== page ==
Muscle Beach - When a children's portrait comes together

August 19, 2012  •  Leave a Comment

Two weeks ago, I photographed a rock musician for an arts magazine.  As we walked along the Brooklyn waterfront, the looming cityscape of Manhattan forming a powerful backdrop, I thought about how much "easier" it is to make portraits of an adult versus young children.

The obvious reason is that adults actually take direction - if you're a parent, you know that most kids don't.   Sure, some kids love posing for the camera - my daughter's best friend literally lights up whenever a camera is pointed in her direction, but most of the time I do away with direction altogether, and just try to capture the kids candidly as they play and interact with each other.

Add to that the physicality of photographing kids - keeping up with them can wear you out, and the best shots are at eye level, which means you need to get down on the ground and roll around, and you've got to be quick - kids move fast.  You've got to get that perfect expression, the cute laugh, the look of wonder on the first shot, because it will be gone in an instant.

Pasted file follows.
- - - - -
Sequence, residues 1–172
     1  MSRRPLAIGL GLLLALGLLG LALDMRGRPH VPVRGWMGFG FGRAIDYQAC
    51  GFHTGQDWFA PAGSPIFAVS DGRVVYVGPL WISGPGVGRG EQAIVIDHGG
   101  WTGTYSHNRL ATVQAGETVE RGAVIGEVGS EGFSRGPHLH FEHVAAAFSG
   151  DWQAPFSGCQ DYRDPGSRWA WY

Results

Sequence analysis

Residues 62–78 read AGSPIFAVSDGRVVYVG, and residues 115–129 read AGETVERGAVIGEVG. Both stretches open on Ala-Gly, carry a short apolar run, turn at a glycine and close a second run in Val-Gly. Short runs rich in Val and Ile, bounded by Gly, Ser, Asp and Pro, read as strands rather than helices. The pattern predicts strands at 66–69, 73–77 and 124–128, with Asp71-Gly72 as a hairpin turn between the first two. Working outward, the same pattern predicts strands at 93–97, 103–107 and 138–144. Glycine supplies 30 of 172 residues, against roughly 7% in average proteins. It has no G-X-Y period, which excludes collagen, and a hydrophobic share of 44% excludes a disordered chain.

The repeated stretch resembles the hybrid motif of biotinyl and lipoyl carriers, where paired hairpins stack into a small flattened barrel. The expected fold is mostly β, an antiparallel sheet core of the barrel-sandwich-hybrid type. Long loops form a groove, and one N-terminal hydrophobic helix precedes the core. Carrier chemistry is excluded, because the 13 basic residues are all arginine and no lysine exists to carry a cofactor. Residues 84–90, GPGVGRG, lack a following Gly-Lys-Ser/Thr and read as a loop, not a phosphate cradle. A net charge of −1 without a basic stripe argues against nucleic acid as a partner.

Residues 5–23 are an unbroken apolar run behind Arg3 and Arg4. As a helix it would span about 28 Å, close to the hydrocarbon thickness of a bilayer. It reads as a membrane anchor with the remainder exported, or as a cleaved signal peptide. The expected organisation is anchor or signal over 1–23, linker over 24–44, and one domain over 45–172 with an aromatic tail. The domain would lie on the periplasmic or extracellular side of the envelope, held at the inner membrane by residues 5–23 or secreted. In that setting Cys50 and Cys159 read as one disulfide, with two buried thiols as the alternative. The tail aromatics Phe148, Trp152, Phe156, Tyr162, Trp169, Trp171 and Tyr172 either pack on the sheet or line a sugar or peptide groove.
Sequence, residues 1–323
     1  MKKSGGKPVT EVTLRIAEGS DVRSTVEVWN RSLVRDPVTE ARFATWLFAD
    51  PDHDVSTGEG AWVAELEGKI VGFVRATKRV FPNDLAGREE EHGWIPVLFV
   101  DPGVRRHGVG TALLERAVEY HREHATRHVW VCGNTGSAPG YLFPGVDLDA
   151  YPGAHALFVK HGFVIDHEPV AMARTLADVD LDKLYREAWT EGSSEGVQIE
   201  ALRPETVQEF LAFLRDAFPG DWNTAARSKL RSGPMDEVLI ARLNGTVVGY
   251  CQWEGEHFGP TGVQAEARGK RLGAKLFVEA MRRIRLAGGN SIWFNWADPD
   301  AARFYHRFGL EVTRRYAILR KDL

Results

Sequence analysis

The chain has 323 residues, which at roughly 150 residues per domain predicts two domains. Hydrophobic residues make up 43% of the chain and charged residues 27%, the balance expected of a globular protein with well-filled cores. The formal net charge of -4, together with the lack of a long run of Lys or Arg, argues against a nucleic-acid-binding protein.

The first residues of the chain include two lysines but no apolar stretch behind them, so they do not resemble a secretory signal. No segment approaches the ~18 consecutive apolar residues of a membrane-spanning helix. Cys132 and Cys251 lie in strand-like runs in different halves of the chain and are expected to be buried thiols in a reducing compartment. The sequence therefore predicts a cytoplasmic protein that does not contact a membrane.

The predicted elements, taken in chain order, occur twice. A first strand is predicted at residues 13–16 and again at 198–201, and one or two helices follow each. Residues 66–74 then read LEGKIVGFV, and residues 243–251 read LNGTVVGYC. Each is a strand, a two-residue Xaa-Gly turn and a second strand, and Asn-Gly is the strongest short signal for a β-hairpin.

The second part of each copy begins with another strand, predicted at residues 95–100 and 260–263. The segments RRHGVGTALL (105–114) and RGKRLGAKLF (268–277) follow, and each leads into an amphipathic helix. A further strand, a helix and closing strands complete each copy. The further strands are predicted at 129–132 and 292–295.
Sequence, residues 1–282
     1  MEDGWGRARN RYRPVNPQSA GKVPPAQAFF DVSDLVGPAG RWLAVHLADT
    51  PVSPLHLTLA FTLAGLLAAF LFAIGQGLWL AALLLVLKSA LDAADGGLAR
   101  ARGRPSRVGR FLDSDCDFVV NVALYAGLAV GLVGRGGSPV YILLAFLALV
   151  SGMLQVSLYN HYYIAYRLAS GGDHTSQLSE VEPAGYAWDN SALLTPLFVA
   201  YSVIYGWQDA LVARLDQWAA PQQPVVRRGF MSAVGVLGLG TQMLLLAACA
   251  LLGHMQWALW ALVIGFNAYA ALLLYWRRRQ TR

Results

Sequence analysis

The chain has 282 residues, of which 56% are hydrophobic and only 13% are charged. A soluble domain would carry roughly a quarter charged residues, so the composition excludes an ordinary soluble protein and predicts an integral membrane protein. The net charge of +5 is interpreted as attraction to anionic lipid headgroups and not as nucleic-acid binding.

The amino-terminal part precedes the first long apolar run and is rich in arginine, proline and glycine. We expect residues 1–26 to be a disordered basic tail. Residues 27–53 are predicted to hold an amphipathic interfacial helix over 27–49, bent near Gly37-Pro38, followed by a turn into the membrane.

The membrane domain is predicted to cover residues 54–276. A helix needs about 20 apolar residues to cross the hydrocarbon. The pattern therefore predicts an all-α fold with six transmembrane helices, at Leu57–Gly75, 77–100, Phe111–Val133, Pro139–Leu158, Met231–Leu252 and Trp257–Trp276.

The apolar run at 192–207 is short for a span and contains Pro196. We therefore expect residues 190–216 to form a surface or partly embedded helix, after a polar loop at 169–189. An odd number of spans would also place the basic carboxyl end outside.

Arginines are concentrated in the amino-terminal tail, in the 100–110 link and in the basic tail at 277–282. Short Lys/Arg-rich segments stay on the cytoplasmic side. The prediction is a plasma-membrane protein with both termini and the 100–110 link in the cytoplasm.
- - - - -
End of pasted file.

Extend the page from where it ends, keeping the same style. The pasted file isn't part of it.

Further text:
Not so with adults - in most cases, you can simply say "do that again."

But despite the challenges, or rather because of them, children and family portraiture is probably one of the most rewarding, for both the photographer and the client.   When you see that you've got the perfect shot - the one that captures those little personalities in a split second of light, there's nothing better.  

This image, of my daughter and son, captures that moment for me.  The look on her face is one that might not be familiar to you, but holds so much for me and her mother - the impish smile, the look of self-confidence, the way she seems to be holding court over her little brother.  And the way he looks so happy just to be in her presence - all of these things will mean as much to us ten years from now as they do today.  

And that's the objective of good children and family photography - to capture those moments and those looks that look cute to the rest of us as outsiders, but hold so much more for parents and grandparents.  

 


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